I like beans all year round, but I especially appreciate them in winter. A plate of pinto beans studded with hunks of smoky, long-cooked bacon, for me, is a special feast. Or cannellini beans stewed with olive oil and herbs, or a steaming bowl of spicy black bean soup. I’m a lentil fan, too. I like them in nearly any guise, from any of the world’s cuisines.
Bright coral-hued red lentils are a favorite of mine; since they have the hulls removed, they cook quickly, so they are perfect for soups and for traditional Indian dal. Ordinary brown lentils, the kind you find in the supermarket, are also good for soup, though a brown lentil soup has a somewhat somber appearance.
Lentils from Castelluccio, in Umbria, Italy, are small and extremely tasty, and they keep their shape when cooked, though there are other excellent varieties found in the country’s different regions. Lentils and sausage are a common Italian theme, and, for the New Year, lentils are considered auspicious. Their coin-shaped form, it is said, invites prosperity.
In France, you find lentil salad on offer in nearly every charcuterie, to be eaten with slices of garlicky saucisson, perfectly combined for a light supper or an impromptu picnic.
These lentils might be the tiny, celebrated ones from Le Puy, in the Auvergne region. Lentilles du Puy, as they are called, are a beautiful mottled gray-green, and one of their virtues is keeping somewhat firm when cooked, and not collapsing into mush. (Of course, their primary virtue is their delicious flavor, verging on nutty.)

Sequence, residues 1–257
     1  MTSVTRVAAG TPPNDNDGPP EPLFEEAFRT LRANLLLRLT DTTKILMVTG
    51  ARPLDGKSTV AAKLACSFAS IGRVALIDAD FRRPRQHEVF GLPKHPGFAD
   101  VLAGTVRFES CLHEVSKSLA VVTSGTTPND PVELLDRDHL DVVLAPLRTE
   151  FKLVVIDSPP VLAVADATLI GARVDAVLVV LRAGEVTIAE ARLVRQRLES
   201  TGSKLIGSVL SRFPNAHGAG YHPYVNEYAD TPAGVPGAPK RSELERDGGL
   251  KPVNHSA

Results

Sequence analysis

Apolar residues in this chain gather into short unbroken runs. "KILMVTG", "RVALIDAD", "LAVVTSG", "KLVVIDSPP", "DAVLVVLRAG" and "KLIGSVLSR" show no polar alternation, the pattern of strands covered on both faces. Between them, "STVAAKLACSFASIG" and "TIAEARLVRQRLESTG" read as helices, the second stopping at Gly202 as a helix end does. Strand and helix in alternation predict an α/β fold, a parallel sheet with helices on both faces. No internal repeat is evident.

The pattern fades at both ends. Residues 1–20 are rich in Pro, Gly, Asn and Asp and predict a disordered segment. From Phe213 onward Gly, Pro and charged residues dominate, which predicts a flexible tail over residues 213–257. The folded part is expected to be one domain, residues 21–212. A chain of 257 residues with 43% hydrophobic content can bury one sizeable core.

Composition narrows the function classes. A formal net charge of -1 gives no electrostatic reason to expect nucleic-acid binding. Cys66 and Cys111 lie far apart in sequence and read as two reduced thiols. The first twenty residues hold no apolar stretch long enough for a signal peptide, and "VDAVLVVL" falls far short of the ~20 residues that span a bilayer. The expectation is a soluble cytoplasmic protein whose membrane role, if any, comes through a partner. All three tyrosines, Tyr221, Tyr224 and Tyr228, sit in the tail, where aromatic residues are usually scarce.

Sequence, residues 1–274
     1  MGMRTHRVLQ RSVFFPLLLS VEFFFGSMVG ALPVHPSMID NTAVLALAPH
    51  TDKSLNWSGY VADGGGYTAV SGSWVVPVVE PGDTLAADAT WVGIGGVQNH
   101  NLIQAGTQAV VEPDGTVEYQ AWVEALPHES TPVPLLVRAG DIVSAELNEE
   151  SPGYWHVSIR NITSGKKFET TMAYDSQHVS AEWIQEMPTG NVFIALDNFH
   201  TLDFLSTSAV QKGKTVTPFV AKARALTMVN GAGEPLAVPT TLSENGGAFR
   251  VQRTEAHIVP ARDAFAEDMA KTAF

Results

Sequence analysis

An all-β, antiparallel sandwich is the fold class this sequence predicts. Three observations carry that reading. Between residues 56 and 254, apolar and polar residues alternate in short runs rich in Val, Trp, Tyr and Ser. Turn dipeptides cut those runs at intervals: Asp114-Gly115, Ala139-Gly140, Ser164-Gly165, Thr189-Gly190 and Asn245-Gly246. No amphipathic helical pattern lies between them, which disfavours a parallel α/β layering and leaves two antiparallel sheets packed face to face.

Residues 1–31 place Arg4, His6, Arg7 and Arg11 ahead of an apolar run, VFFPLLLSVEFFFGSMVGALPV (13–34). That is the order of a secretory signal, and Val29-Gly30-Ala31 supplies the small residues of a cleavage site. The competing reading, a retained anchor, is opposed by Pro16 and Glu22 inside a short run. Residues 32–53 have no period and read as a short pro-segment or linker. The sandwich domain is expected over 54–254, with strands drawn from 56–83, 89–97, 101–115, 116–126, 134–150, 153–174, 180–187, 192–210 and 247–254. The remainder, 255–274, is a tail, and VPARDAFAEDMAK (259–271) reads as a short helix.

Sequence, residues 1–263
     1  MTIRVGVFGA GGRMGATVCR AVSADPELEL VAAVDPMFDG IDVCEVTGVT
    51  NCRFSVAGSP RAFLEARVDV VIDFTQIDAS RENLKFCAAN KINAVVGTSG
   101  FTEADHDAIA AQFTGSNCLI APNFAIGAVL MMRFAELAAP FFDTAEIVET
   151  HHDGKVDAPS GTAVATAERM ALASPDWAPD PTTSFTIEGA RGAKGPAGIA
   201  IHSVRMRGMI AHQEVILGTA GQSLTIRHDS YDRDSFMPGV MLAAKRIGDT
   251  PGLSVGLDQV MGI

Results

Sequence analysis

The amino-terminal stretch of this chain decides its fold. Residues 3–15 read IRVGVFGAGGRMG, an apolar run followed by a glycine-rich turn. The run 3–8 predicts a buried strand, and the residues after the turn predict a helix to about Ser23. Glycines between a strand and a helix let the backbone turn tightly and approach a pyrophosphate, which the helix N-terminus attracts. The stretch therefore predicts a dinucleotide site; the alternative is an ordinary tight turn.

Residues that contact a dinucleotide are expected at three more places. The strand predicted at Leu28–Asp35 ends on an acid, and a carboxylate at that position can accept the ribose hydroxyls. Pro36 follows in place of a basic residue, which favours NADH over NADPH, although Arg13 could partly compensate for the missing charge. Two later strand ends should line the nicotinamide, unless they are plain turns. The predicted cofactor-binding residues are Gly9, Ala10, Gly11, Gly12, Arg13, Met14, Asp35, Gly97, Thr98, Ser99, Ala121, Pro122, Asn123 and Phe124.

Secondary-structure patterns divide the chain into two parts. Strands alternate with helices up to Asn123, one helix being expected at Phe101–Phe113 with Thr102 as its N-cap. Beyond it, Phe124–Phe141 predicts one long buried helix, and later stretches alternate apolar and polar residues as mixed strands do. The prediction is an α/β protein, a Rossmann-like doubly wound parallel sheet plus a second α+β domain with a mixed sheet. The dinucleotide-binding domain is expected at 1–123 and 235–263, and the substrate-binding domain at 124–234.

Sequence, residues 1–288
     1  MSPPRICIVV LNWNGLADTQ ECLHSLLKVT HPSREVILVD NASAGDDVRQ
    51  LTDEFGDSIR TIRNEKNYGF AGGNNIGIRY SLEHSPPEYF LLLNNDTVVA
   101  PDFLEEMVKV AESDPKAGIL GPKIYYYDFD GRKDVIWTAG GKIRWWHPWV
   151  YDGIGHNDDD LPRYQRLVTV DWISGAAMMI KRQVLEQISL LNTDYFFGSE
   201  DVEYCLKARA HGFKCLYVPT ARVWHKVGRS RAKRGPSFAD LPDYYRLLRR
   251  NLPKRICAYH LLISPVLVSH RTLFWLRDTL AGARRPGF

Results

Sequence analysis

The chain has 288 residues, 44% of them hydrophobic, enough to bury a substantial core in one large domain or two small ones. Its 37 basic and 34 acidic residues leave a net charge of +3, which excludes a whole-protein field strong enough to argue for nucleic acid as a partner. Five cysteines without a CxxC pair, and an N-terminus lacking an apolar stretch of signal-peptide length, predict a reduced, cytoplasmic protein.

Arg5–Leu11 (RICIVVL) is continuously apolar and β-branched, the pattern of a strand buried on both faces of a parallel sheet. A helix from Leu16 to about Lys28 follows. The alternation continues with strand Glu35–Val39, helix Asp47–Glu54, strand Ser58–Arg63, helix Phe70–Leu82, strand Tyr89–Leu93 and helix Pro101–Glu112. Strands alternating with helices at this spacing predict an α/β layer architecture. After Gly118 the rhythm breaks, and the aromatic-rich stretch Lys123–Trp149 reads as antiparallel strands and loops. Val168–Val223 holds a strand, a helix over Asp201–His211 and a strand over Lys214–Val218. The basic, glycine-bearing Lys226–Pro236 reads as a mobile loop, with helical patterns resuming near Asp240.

Lentils really shine in tandem with duck. Duck with lentils (combined in various ways) is considered delicious everyday fare for lunch or dinner in France. There are variations on the theme on restaurant menus and in home kitchens.
It might be a roasted duck breast, a braised duck leg or a crisp fried piece of duck confit, snuggled against a mound of juicy lentils cooked with onion, carrot, celery and thyme. The combination is almost magical, a truly serendipitous pairing.
For a holiday gathering, I bought small duck legs and braised them with red wine and aromatics, aiming for something similar to coq au vin. I wanted a deep-flavored saucy dish for a chilly winter evening.
I could have served a potato purée, a familiar accompaniment to this sort of stew, but, thankfully, I had lentils in the pantry.
The combination of tender braised duck, earthy lentils and an assortment of root vegetables was a winning one for a warming winter meal.
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